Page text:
More and more we’re bombarded with advertisements selling organic produce. Food that has been grown or produced without using any pesticides or chemical fertilisers.
But should you only feed your dog an organic diet? And are there other ways you can make sure your dog consumes fewer pesticides while not spending a fortune?
The answers are ‘no’ and ‘yes’ respectively.
The ‘Dirty Dozen’ and the ‘Clean Fifteen’
Every year, on behalf of the US Department of Agriculture’s (USDA) Pesticides Data Programme, scientists carry out a battery of tests on a huge number of vegetable and fruit crops. What are they testing for? The presence of pesticides – more than 100 pesticides, to be precise.
The scientists are looking to see how much and how many of these 100 pesticides are present on some of the most highly consumed fruit and veg crops. In case of interest, these tests are done after food has been prepared to be eaten, meaning the food has been thoroughly washed and if relevant, peeled.
But the results they produce can be a bit difficult to get your head around. Thankfully, ever year the Environmental Working Group summarises the USDA’s findings into two handy lists – the ‘Dirty Dozen’ and the ‘Clean Fifteen’.
The purpose of these lists is to show people which are the 12 foods that contain the most pesticides and which are the 15 that contain the least, and to allow people to make informed decisions about what they eat and what they feed their dogs.
The ‘Dirty Dozen’ 2017
- Sweet bell peppers
The ‘Clean Fifteen’ 2017
- Honeydew melon
- Sweet corn
- Sweet frozen peas
But why should I care?
The reason it’s important to be aware of the ‘Dirty Dozen’ and ‘Clean Fifteen’ lists is because they tell you which foods contain the most and the least pesticides respectively.
And why is that important? Because in a nutshell, pesticides aren’t very nice.
The word pesticide is a general term that’s used to describe something – either alone or in a mixture – that can kill a pest, or reduce the damage that a pest could cause. They can be physical, biological or chemical, and they can be natural or synthetic (man-made).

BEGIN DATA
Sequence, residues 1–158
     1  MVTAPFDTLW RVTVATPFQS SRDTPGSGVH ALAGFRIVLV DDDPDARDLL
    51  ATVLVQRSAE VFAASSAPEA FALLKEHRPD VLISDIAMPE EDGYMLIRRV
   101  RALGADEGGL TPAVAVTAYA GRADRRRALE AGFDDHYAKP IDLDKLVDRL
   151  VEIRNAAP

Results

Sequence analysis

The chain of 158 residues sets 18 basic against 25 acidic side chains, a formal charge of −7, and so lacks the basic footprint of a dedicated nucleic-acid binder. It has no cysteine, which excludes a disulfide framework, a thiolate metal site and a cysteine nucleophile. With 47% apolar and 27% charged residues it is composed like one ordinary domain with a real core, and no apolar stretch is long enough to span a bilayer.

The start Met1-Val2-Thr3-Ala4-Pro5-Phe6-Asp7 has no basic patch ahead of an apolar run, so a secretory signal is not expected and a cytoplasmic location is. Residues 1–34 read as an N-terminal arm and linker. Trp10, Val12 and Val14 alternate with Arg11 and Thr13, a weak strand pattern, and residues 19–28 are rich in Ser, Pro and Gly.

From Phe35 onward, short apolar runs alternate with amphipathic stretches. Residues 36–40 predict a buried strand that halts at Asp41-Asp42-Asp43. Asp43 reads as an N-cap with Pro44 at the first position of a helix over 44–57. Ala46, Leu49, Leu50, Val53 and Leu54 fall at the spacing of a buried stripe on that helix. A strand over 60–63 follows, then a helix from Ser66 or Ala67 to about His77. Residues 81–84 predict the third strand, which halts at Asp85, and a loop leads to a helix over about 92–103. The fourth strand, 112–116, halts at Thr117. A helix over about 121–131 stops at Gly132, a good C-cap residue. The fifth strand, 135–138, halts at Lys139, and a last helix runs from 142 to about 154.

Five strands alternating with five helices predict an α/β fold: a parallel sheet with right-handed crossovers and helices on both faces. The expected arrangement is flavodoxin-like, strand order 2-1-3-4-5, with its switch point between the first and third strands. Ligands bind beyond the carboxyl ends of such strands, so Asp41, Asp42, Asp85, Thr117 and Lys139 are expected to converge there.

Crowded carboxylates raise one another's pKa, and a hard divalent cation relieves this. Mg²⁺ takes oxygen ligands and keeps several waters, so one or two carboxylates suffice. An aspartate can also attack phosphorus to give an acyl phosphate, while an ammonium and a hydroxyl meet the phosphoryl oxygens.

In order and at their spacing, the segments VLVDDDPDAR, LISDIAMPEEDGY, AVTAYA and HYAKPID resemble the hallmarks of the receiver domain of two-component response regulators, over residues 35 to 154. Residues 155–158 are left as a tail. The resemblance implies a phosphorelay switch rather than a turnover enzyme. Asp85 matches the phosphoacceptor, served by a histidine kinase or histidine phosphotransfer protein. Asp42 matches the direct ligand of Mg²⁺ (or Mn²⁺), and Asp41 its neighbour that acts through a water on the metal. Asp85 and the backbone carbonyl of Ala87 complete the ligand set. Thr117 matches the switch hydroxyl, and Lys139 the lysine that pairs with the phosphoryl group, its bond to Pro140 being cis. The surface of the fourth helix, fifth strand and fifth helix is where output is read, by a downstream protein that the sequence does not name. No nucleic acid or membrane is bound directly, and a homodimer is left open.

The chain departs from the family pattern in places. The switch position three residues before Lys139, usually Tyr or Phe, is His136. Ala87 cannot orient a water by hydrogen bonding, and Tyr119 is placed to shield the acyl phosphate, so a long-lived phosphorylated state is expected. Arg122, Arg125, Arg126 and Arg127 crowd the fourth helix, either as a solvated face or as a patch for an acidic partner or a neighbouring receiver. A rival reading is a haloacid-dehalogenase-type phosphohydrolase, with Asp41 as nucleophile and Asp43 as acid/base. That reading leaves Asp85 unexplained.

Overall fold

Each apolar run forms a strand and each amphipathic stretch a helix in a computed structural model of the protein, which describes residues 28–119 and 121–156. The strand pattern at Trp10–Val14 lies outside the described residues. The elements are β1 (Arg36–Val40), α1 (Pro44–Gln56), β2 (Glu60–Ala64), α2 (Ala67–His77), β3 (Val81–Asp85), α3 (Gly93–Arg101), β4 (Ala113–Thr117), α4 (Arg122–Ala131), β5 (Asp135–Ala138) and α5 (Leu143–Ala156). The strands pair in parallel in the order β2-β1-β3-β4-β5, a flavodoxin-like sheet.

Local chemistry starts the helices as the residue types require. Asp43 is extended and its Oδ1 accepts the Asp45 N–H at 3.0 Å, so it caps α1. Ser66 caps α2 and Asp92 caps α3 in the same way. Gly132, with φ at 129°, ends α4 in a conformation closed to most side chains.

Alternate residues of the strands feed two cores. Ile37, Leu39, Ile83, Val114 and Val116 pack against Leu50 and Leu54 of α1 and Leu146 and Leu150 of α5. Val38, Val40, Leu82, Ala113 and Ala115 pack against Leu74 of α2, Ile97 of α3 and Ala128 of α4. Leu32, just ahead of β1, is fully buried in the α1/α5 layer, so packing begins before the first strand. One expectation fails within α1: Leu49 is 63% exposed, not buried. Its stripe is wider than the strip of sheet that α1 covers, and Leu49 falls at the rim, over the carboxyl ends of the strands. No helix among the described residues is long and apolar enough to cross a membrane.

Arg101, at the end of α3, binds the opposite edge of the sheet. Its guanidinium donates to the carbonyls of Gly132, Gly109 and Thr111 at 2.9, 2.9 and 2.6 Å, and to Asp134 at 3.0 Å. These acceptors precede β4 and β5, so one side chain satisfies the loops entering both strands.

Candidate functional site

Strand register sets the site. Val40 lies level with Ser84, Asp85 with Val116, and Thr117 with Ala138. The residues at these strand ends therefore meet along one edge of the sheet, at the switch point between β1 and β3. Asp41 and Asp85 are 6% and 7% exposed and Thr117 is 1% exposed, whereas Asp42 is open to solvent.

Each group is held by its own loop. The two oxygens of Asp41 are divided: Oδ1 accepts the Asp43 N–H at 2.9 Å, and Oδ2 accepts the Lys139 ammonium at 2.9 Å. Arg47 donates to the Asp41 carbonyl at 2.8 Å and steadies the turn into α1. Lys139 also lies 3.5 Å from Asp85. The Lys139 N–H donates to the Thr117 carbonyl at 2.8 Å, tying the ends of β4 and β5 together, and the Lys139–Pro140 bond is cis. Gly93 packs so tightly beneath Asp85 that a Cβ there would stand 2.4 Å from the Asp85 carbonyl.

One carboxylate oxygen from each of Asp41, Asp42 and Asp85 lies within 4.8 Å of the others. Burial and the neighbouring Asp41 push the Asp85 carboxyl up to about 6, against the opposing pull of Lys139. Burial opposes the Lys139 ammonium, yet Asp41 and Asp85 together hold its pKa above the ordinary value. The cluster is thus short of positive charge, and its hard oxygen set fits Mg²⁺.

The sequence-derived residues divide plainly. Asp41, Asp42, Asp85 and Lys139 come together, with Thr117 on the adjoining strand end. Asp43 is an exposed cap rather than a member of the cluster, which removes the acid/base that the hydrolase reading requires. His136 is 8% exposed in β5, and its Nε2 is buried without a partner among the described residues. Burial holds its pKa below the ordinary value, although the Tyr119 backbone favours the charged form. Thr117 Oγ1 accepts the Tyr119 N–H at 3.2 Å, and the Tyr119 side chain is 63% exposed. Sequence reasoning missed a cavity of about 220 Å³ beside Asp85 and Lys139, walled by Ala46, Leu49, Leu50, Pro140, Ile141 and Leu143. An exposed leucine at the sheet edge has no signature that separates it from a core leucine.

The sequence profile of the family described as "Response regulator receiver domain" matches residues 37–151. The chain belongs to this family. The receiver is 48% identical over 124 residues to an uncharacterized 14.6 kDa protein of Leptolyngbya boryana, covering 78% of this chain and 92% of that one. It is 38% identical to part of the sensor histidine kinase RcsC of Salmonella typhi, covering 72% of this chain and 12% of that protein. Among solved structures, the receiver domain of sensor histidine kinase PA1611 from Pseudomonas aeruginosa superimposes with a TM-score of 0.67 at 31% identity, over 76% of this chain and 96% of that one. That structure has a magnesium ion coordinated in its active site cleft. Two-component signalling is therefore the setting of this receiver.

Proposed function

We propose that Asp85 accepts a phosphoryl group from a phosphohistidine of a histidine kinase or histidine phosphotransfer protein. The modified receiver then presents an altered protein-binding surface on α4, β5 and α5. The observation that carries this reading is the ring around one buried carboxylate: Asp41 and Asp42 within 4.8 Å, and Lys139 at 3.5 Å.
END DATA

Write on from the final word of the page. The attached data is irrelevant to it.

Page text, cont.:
The ‘pests’ that they’re trying to damage could be a number of things – a fungi, bacteria, viruses, weeds or insects.
Pesticides are used by farmers and food producers to prevent their crops from being destroyed. But while the upside of this is that crops are saved and food is produced, the downside is that if a chemical or biological pesticide is used, traces of it could remain in the food after it’s been prepared for consumption.
And this – having residual pesticides on food – could potentially be dangerous to dogs who consume these foods, and potentially damage their health. Indeed, any sort of long-term, high-level exposure to pesticides could be toxic to your dog.
It could result in diarrhoea, vomiting, fever, seizures, increased heart rate or respiratory problems.
It is however important to remember that not all pesticides are created equal – some are more dangerous than others.
So shouldn’t I just buy organic?
Learning that you could inadvertently be feeding your dog pesticides which can potentially be dangerous to their health might make you want to run to the nearest organic food shop and stock up.
But you don’t need to. The point of the ‘Dirty Dozen’ and ‘Clean Fifteen’ lists aren’t to scare people into buying organic produce. It’s to allow them to make informed decisions about what foods they are eating themselves and feeding their dogs.
And because organic food is quite expensive and not always readily available to everyone, these lists provide an alternative option. They allow those who can’t afford to always – or ever – buy organic to make the healthiest choices for them and their pets given their circumstances. That can only be a good thing.
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